The movie's minor fame today rests on it being Stanwyck's first screen success and an early hit for director Frank Capra yet Capra's direction is rather dull and often awkward and the movie is very badly edited with some scenes conspicuously made up of different takes with shot angles and acting rhythms off among other giveaways (to say nothing of the scene where Graves answers the phone and says "Hello" way before the receiver is anywhere near his mouth!!) As mentioned by another reviewer, a "silent" version of the film was also shot (the smaller studios like Columbia were still making silent versions of some of their films up to 1931 for the ever dwindling number of movie theaters that were still not wired for sound), I don't know anything about the silent version being available on video and not the sound film, possibly the silent version fell into public domain and that's why that version alone is on tape, however the sound version still exists and was shown on American Movie Classics in the early 1990's back when that channel actually showed classic movies. Turner Classic Movies, on the other hand, has so many MGM and Warner Bros. films at their disposal they hardly need to go elsewhere for films so it's not likely they will bother to pick up rights to this movie from Columbia. I wouldn't be surprised, however, one day to see it and a number of other early Capra talkies together in a boxed DVD set given his legend as a director.
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in the Capra mold
mukava99118 February 2009
LADIES OF LEISURE, adapted to the screen from a play, is another in a long line of Frank Capra-directed films that pits the lower orders against the upper through the device of a romantic entanglement. In this case it's "lady of leisure" (read: prostitute or good time gal) Barbara Stanwyck against the slightly bohemian scion of a wealthy banking family (Ralph Graves). The theme of the movie is set right away as we see a bustling Manhattan street at night. Suddenly bottles fall from the sky and explode on the sidewalk, narrowly missing pedestrians. They are coming from a group of drunken young women who are tossing them over a penthouse terrace balcony for kicks. These party girls have been hired by dissolute swell Lowell Sherman, a friend of Graves, who, offended by the crudity of the party scene, hops into his roadster for a drive into the country. He stops by a lake where he sees a young woman (Stanwyck) dressed in an evening gown rowing herself ashore in a canoe. It turns out she too is a party girl and is also escaping a wild party, this time on a yacht. He finds her attractive and offers her a ride back to the city. As is her habit, she picks his pocket while he's driving. Thus the plot line is set. We know what will happen by the end. Along the way we are treated to a beautifully etched characterization by Stanwyck who covers a wide range of acting territory from crude and lowdown to transcendentally idealistic. The equally inventive Marie Prevost provides generous support as her overweight roommate. Lowell Sherman, playing the same type of hard-drinking, pleasure-loving sophisticate as he often did in other movies (Bachelor Apartment, What Price Hollywood), is also excellent.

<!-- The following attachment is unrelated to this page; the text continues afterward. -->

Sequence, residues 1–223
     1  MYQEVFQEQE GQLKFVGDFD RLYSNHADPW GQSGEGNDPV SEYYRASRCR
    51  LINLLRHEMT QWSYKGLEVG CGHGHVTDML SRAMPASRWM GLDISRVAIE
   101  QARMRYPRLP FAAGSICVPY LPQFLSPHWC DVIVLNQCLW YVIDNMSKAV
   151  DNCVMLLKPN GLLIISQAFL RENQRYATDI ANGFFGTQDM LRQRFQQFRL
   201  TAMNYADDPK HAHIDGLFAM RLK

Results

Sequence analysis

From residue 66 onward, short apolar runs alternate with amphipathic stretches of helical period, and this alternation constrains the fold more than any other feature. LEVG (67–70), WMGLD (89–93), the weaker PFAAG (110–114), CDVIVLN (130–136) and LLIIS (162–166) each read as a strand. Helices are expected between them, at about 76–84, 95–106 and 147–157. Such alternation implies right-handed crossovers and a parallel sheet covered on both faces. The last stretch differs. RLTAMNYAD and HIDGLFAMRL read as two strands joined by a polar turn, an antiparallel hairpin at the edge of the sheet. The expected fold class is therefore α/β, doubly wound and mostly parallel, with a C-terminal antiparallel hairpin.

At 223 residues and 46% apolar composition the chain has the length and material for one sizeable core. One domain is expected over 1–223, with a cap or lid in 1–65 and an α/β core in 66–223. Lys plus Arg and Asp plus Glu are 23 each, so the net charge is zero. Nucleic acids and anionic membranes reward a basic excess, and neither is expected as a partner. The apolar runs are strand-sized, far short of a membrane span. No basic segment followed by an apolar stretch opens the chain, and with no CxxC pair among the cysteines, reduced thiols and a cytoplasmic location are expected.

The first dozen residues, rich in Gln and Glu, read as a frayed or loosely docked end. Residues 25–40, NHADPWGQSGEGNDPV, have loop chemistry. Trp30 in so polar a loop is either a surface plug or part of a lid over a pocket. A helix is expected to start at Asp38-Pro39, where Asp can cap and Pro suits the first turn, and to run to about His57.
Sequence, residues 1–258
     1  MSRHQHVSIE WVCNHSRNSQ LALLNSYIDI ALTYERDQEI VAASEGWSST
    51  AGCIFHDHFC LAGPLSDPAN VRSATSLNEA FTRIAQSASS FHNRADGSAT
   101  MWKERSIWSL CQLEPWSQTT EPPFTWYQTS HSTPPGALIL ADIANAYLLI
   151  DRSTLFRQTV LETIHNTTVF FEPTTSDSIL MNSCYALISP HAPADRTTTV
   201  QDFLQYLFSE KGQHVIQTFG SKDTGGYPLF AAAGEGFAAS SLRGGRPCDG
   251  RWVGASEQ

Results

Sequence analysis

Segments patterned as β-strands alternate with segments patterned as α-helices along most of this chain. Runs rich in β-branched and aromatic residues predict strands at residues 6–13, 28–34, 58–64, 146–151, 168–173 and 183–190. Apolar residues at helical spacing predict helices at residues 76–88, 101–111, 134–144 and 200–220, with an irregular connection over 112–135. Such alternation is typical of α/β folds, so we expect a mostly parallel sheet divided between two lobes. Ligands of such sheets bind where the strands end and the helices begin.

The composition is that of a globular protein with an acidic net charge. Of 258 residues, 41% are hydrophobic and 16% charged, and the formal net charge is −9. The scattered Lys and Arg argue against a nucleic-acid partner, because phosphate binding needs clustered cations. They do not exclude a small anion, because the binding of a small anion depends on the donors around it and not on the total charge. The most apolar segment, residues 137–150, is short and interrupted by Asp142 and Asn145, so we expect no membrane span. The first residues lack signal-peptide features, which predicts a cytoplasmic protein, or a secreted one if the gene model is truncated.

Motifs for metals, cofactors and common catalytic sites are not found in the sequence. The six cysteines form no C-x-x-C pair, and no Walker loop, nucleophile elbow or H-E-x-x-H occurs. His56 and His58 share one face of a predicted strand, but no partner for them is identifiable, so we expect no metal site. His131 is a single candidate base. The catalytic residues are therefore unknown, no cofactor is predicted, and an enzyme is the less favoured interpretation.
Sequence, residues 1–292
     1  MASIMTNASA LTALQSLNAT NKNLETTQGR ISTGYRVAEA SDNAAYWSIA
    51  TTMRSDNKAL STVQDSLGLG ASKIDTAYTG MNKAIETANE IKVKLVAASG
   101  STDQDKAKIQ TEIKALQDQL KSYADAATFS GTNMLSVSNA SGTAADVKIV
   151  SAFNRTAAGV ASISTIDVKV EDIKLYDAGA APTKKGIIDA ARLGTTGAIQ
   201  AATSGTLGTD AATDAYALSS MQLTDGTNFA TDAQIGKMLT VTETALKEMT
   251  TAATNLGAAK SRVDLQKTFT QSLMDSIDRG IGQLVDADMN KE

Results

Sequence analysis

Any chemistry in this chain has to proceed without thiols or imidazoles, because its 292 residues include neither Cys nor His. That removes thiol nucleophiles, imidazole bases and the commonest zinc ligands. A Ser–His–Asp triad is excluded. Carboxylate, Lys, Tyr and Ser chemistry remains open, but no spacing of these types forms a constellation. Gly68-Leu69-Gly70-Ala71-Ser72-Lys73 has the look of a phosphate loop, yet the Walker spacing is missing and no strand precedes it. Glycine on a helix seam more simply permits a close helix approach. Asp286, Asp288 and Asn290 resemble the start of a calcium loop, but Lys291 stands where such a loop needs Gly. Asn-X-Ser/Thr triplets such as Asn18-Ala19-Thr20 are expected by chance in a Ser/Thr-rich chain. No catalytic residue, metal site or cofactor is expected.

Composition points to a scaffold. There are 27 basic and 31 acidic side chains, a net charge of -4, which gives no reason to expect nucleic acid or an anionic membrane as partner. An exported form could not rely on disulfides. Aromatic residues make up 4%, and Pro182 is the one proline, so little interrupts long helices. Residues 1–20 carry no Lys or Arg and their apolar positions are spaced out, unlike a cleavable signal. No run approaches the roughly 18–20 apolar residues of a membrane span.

For whatever reason, Ralph Graves cannot perform like a flesh and blood human being. His movements are stiff and unmotivated, his emotions seem forced and sudden. Even the expression on his face looks pasted on from some other character in some other movie. All wrong. One is not surprised to see that within a few years he was playing uncredited bit parts in third-rate movies. His silent film credits are numerous and go back to the teens so one can only wonder what his appeal was. He is not bad looking, so one must assume that his substantial silent film career owed a lot to his appearance.